The Library admits that no notice was provided to the public pursuant to Indiana Code § 6-1.1-17-3 with respect to the Town Council’s September 13th meeting. (See Pet’r Br. at 4.) On appeal, however, the Library presents the Court with two arguments to support its claim that the DLGF erroneously determined that such notice was required.
The Library first argues that the DLGF erroneously determined that notice of the Town Council’s September 13th meeting was required because under Indiana Code § 6-1.1-17-20(e), the Town Council did not adopt the Library’s budget, it merely reviewed it. (See Pet’r Br. at 14 (asserting that the Library adopted its own budget on August 17th), 15 (implying that the Town Council is not an adopting entity because it does not have the authority to increase the Library’s budget); Pet’r Reply Br. at 2 (asserting that the Town Council becomes an adopting entity only if it modifies the Library’s originally adopted budget).) To support its argument, the Library points to the fact that before it submitted its budget to the Town Council, it filed its budget with the Speedway Town Clerk pursuant to Indiana Code § 36-3-6-9(b). (See Pet’r Br. at 3, 14-15; Pet’r Reply Br. at 1-2.) That statutory provision states that “[t]he board of each entity listed in subsection (a) shall, after adoption of its proposed budget and tax levies, submit along with detailed accounts, to the city clerk before the first day of September of each year.” I.C. § 36-3-6-9(b) (emphasis added). The Library maintains that if some other entity actually adopted its budget, there would have been no reason for the legislature to use the words “after adoption”’ in Indiana Code § 36-3-6-9(b). (See Pet’r Br. at 15; Pet’r Reply Br. at 2.) The Library’s argument fails for three interrelated reasons.
First, to the extent the Library filed its budget with the Speedway Town Clerk pursuant to Indiana Code § 36-3-6-9(b), that statutory provision did not apply. As previously stated, Indiana Code § 36-3-6-9(b) provided that “[t]he board of each entity listed in subsection (a) shall, after adoption of its proposed budget and tax levies, submit them, along with detailed accounts, to the city clerk before the first day of September of each year.” I.C. 36-3-6-9(b) (emphasis added). Subsection (b) must therefore be read in relation to subsection (a). See State v. Adams, 583 N.E.2d 799, 800 (Ind. Ct. App. 1992) (explaining that a statute must be read as a whole, and not sections or parts of it piecemeal), trans. denied. Indiana Code § 36-3-6-9(a), in relevant part, states:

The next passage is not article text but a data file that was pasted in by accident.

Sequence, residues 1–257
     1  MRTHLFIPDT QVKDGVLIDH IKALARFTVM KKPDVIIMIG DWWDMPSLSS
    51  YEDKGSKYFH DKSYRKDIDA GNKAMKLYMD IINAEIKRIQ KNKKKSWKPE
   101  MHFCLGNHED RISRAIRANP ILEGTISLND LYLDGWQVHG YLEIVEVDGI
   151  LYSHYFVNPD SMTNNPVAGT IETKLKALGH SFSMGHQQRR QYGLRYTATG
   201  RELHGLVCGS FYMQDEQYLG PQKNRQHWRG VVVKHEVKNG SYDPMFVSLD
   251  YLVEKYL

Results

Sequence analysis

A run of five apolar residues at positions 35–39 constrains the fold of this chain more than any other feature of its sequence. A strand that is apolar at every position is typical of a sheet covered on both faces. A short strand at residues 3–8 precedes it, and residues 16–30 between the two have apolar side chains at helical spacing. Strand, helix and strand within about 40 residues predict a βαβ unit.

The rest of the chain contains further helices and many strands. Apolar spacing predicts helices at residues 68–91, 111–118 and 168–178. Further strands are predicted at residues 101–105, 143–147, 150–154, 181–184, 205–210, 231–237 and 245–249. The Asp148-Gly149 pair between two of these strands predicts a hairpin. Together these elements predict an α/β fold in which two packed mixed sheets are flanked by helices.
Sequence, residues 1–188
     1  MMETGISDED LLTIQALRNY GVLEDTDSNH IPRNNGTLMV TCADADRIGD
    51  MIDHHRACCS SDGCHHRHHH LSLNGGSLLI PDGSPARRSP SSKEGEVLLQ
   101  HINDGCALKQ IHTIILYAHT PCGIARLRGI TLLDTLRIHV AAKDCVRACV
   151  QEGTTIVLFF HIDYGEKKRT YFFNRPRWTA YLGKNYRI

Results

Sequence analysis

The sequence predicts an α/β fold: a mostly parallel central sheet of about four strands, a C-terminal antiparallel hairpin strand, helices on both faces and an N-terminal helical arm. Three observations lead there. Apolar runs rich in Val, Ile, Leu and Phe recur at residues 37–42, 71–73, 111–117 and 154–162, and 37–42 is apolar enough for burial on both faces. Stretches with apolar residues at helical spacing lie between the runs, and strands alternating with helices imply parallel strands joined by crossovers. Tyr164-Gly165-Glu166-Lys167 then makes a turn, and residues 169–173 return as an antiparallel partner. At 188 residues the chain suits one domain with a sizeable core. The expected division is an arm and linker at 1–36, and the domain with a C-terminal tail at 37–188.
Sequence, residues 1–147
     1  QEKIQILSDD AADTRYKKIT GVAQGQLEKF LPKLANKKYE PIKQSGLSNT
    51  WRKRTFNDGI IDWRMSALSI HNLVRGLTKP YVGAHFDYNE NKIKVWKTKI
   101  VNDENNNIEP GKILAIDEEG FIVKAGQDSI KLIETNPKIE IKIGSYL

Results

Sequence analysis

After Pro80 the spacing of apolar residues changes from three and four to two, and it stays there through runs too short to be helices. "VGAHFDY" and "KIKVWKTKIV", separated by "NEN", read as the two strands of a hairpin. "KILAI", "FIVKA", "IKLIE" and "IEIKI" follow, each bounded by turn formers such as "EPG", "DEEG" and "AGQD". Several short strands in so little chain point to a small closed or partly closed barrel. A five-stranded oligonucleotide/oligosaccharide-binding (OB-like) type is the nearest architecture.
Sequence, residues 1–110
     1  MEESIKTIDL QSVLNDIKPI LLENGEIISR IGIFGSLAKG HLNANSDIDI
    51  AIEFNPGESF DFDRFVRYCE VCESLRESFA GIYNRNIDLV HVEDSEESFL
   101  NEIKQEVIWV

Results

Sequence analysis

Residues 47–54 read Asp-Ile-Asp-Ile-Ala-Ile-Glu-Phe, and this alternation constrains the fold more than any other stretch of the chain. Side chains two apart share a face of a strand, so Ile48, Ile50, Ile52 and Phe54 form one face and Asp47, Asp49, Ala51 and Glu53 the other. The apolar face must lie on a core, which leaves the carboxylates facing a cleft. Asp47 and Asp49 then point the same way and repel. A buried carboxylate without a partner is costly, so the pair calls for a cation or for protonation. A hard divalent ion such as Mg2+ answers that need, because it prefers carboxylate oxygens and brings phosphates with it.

Except as provided in subsection (d), the city-county legislative body shall review the proposed operating and maintenance budgets and tax levies and adopt final operating and maintenance budgets and tax levies for each of the following entities in the county:
(1) An airport authority operating under IC 8-22-3.
(2) A public library operating under IC 36-12.
(3) A capital improvement board of managers operating under 36-10.
(4) A public transportation corporation operating under IC 36-9-4.
(5) A health and hospital corporation established under IC 16-22-8.
(6) Any other taxing unit (as defined in IC 6-1.1-1-21) that is located in the county and has a governing body that is not comprised of a majority of officials who are elected to serve on the governing body.
I.C. § 36-3-6-9(a) (emphasis added). See also I.C. § 36-3-6-9(d) (explaining that because the Library is outside Unigov’s jurisdiction, it would not submit its proposed budget to the city-county legislative body referenced in subsection (a).) Given this language, it is clear that Indiana Code § 36-3-6-9(b) did not apply to the Library; instead, it applied to the public library that has its budget and tax rates approved by the City-County Council of Indianapolis and Marion County (i.e., the Indianapolis-Marion County Public Library). See supra at p. 3.